Dispatches from the Creation Wars

Raich Goes On

And here is why, despite Prof. Zywicki’s behavior, I continue to read Volokh every day. For legal scholars like Randy Barnett and the kind of information that can be gotten only from blogs like that. Barnett writes that the case of Gonzales v Raich, last year’s infamous medical marijuana ruling, is still alive in the courts. I had no idea. Barnett explains why:

Yes, the case goes on. The Supreme Court only ruled on the Commerce Clause theory we won on below. This left us on remand to the Ninth Circuit to reassert our claim that the application of the Controlled Substances Act to Angel Raich (and others like her) violated her fundamental rights (and some other nonconstitutional claims as well).

Barnett was the lead counsel in that case, which lost on the broadest claim last year when the Supreme Court asserted, rather absurdly, that the interstate commerce clause grants Congress the power to regulate activities that are neither interstate nor commerce. He also points to an upcoming issue of the Lewis and Clark Law Review that is a symposium on the subject of federalism after the Raich decision. The papers in that symposium, in pre-published form, can be read here. Well worth reading for those of us who want to keep the Federal government within at least the most obvious constitutional limits.

Comments

  1. #1 Hyperion
    November 22, 2005

    Just out of curiosity, how does the Supreme Court reconcile Raich and Lopez? Or do they simply ignored the obvious contradictions?

  2. #2 raj
    November 23, 2005

    Raich is irreconcilable with anything. Not the Lopez case. Not the Violence Against Women Act (VAWA) case. Not even Wickard vs. Filburn (the wheat case) from the early 1940s.

    I suppose that Barnett is going to pursue the matter in the 9th circuit on his 5th Amendment “liberty” argument that he used so well in Lawrence vs. Texas, but I doubt that that will go very far. I doubted that in Lawrence, too, but it ultimately prevailed. More power to him.

  3. #3 Hyperion
    November 23, 2005

    Not to mention cases like E.C. Knight, where a sugar company which controlled ninety-some percent of the industry was not engaged in “interstate commerce” at the production level.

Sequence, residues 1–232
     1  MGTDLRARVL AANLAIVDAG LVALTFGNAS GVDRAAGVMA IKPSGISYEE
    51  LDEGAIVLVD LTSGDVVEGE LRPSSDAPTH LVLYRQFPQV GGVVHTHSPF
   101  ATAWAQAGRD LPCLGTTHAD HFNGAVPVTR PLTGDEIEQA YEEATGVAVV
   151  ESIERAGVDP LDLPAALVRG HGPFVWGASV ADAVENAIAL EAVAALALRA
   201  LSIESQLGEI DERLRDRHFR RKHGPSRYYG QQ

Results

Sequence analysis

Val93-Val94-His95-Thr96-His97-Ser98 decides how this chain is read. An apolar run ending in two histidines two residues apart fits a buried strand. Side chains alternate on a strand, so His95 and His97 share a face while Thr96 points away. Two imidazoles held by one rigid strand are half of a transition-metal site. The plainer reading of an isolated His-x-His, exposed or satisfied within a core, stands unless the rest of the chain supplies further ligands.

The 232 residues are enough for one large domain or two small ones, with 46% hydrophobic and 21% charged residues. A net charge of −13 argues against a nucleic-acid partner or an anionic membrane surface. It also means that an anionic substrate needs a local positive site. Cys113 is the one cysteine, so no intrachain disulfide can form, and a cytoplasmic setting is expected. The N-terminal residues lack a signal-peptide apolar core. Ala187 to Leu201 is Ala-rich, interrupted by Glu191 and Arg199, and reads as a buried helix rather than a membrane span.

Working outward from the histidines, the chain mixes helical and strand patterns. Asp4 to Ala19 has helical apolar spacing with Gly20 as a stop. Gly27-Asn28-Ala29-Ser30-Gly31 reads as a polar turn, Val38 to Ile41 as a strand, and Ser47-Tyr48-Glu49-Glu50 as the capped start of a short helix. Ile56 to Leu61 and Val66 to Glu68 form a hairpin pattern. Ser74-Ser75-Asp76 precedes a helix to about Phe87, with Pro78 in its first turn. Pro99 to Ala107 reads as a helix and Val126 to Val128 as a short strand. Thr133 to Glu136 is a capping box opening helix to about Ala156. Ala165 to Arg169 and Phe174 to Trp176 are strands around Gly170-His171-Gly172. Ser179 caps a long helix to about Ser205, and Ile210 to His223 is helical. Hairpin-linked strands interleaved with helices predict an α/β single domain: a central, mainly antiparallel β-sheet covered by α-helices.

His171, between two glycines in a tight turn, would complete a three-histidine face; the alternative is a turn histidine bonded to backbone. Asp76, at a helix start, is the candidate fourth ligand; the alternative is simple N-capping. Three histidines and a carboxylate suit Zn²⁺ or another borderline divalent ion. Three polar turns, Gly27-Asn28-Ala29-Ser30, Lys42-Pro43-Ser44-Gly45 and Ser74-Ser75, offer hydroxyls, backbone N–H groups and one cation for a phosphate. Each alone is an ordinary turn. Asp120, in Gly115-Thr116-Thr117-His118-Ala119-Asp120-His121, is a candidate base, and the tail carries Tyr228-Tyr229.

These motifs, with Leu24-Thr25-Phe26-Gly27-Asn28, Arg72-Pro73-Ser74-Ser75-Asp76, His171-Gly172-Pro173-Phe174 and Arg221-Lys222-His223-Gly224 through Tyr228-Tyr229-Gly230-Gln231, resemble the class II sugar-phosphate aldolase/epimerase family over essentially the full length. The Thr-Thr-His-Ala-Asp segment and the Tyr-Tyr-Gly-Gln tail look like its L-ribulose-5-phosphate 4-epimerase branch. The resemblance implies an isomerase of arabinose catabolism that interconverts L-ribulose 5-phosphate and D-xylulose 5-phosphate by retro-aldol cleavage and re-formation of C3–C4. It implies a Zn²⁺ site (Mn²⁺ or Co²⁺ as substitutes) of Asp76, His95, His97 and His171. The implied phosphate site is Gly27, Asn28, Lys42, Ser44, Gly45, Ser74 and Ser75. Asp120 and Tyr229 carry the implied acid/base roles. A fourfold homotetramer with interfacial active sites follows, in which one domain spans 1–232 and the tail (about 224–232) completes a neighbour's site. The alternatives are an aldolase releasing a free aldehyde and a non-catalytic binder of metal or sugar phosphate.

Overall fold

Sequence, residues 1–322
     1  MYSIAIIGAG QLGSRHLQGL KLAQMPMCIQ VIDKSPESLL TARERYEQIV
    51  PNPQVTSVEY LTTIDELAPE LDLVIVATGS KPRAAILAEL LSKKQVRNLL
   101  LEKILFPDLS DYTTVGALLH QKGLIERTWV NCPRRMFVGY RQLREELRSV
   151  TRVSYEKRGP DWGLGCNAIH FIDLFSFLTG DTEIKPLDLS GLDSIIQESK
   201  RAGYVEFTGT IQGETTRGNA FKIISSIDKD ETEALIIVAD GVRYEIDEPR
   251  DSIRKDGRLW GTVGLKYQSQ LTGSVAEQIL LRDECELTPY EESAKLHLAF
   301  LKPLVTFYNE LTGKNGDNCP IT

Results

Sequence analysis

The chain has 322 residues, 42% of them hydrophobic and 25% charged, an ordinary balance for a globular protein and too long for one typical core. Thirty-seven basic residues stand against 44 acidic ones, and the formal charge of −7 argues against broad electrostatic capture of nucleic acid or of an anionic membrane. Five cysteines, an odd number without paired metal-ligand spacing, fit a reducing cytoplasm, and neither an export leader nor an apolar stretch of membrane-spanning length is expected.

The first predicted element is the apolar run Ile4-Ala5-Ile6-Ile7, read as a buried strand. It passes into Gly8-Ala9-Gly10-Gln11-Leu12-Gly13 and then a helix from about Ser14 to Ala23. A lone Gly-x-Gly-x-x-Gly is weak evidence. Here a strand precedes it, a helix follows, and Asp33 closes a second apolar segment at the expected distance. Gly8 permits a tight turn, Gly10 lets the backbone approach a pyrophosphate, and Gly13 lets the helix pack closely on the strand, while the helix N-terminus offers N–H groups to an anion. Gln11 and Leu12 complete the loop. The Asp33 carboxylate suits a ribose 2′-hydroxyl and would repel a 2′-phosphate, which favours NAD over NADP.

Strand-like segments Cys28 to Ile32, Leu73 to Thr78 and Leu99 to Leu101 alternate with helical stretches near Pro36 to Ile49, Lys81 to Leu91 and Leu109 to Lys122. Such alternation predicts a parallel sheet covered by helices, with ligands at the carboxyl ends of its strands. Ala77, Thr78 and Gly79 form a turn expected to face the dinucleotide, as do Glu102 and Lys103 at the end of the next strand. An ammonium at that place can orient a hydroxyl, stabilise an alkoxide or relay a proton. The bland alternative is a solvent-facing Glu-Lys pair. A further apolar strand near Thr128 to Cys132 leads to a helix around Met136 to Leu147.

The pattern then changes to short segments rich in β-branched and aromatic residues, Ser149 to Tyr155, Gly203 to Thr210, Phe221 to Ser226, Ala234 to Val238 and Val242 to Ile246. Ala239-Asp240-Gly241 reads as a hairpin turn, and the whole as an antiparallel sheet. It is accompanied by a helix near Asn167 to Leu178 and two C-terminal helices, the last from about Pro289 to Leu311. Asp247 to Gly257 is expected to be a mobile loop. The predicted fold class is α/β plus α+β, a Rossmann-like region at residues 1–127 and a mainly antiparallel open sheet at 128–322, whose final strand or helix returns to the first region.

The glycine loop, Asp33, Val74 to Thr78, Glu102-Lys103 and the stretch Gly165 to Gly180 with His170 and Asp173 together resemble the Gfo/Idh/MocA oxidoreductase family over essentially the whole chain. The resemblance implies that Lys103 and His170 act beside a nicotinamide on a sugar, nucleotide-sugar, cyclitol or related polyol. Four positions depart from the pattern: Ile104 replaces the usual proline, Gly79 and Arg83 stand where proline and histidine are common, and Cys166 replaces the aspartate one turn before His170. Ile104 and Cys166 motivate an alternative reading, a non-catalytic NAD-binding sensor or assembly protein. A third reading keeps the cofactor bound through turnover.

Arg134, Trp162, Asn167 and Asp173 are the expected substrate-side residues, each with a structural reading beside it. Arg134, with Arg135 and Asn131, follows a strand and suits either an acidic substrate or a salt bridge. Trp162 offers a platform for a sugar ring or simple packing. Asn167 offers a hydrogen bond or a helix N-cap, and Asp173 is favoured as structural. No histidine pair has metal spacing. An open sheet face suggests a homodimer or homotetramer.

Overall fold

Reminds me a bit of Hardwick, where they made a ruling that was quite obviously more about personal prejudices than established case-law.

    And I think that Barnett should have decent luck with the 9th circuit, certainly better than he’d have here in the 4th. The real question is whether SCOTUS would uphold it again. Something tells me that they’re not going to be overjoyed to have to re-apply Lawrence. Of course, if Roberts still votes against them, he should be investigated to lying under oath to the Senate.

  4. #4 Ed Brayton
    November 23, 2005

    raj wrote:

    I suppose that Barnett is going to pursue the matter in the 9th circuit on his 5th Amendment “liberty” argument that he used so well in Lawrence vs. Texas, but I doubt that that will go very far. I doubted that in Lawrence, too, but it ultimately prevailed. More power to him.

    Just for the record, Barnett did not argue the Lawrence case, though I believe he did write a brief, possibly on behalf of the Cato Institute, in the case.

  5. #5 raj
    November 23, 2005

    Ed, from what I read over at the Volokh site a while ago, Randy Barnett did, indeed, file an amicus brief in the US SupCt basically arguing the “liberty” issue. I don’t know on whose behalf he filed the brief. He also had published a rather lengthy law review article on the subject.

    You are correct that Randy did not represent Lawrence and Garner before the SupCt. I do not know who did and couldn’t access the LII collection at Cornel to find out who did.

  6. #6 Ed Brayton
    November 23, 2005

    Lawrence and Garner were represented by Paul Smith from the law firm Jenner and Block, on behalf of Lambda Legal. And Barnett did indeed file an amicus brief on behalf of the Institute for Justice. That can be read here.

  7. #7 raj
    November 23, 2005

    Ed, thanks for the link to the brief by Randy Barnett. I had not read it before, but it appears that the majority opinion was almost taken exactly from his brief.

    I clicked onto Randy’s home page at Boston University. It appears that his law review article that I was referring to is not on-line–at least he doesn’t have a link to an on-line version of it.

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